National Report Is A Call For Action

By John S. Wisniewski

In a recent study, the American Association of State Transportation Highway Officials ranked New Jersey 50th in the nation in road conditions.  To some, that information may not be too surprising since New Jersey is home to nearly 5.9 million licensed drivers who utilize more than 36,000 miles of roadways each day. However, many of us find this information an important reminder of the challenges ahead. Reliable transportation in the state is important to the success and growth of our economy.  Currently, that economy is being supported by a transportation system that is increasingly congested and showing its age.

There are two aspects of our transportation network that need to be addressed – namely, how well we maintain our current infrastructure, and how well we invest in projects to allow our infrastructure to meet the demands of tomorrow. Years of simultaneously putting off maintenance and deferring investment in new projects, have left our roads and overall transportation network in terrible shape.


For example, the national highway study found that 46% of local roads in New Jersey are in poor condition – greatly exceeding the national average of 13%.  The importance of this figure extends far beyond a commuter’s frayed nerves and random incidents of road rage.  It’s estimated that bad roads cost a typical New Jersey driver roughly $596 per year in repairs in vehicle wear and tear. In addition to maintenance and repair, there are long-term investments we need to make. Our current roadways and rail lines are nearly at capacity. To residents with a long commute, this is probably already painfully clear.  To our economy, it’s an outright threat to meeting future needs. Bridges, roadways, and tunnel projects in New Jersey will need to be planned, funded, and undertaken in order to meet the needs of the next generation of growth.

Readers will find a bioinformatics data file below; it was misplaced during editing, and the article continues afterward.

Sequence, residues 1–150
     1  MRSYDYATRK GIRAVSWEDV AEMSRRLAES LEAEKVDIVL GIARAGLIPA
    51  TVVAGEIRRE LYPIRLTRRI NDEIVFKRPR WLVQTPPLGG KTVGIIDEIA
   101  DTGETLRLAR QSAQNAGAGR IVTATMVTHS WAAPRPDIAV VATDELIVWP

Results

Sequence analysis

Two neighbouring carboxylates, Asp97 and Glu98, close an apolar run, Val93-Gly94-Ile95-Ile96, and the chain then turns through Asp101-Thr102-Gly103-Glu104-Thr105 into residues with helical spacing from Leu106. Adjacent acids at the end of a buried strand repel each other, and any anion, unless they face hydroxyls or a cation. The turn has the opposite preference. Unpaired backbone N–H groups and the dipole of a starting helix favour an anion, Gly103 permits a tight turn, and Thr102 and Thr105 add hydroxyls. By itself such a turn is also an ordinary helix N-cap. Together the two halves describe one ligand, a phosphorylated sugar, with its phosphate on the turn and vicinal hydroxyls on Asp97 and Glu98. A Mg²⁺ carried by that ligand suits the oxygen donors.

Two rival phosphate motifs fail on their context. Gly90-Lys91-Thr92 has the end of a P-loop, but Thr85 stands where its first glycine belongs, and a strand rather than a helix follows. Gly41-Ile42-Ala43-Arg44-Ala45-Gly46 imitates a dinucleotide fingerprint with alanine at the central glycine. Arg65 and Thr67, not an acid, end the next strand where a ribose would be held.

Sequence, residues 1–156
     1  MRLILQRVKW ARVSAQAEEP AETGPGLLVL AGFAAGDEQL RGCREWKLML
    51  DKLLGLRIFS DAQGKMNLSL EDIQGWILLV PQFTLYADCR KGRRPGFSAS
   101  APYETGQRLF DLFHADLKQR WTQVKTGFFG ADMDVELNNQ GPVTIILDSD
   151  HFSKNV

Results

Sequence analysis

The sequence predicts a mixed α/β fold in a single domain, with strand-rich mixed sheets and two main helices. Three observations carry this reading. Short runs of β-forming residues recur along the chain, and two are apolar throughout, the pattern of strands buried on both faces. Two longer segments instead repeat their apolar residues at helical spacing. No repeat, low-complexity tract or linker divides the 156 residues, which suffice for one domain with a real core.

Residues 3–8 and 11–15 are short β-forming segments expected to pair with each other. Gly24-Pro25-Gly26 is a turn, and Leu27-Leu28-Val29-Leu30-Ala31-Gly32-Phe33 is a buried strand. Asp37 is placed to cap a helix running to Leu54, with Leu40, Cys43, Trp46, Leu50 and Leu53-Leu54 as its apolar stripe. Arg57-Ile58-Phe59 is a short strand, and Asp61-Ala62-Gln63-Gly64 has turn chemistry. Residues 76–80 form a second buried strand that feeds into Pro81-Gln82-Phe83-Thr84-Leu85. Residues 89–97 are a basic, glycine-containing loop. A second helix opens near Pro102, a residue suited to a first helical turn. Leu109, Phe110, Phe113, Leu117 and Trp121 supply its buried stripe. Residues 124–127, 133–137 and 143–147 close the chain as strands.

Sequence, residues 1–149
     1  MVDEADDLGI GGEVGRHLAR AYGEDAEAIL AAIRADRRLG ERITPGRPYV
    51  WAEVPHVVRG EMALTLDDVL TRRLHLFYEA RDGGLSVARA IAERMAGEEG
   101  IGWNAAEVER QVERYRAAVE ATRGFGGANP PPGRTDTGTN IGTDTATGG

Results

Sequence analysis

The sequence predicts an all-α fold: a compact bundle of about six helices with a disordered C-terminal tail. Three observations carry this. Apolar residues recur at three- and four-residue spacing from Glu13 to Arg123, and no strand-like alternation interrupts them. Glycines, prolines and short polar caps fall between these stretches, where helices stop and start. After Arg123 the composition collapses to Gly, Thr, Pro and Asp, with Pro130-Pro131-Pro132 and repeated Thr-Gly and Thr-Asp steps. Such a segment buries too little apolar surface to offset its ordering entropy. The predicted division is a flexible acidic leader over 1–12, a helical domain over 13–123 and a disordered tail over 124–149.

But there is good news on both fronts.  We are making progress and drivers will see noticeable relief soon, as the state begins to use federal economic stimulus money to fund some long over due road improvements.  According the Department of Transportation, the state is repaving 623 miles of road this year alone.  Compared to our neighbors, we are putting the highest amount of federal stimulus money toward road repairs. In Middlesex County alone, there is a multimillion dollar road resurfacing project currently being planned. Also, throughout the State, bridges, ramps, and major road arteries are receiving much needed maintenance work.

Planning for the years ahead is just as critical.  In order to alleviate some congestion from our clogged roadways, we’re making substantive investments in our infrastructure. In fact, by comparison, we’re doing much more than other states in the region.   New York State plans to use only $154 million of its stimulus money for road and bridge improvements, while New York City is spending $261 million, and Connecticut plans to spend $302 million.  New Jersey is anticipating $652 million for road and bridge projects, more than twice the amount of the highest neighboring state.

Though we still need to identify a long-term solution to keeping the Transportation Trust Fund afloat, we’re currently putting the stimulus money to good use in addressing the concerns raised in this national study.  As Chairman of the Transportation Committee, I will continue fighting to ensure that the state is making wise decisions when investing in our infrastructure. For more information on how stimulus money is being used in the state or any other legislative matter or state program, please contact my legislative office at (732) 316-1885 or visit my web site:

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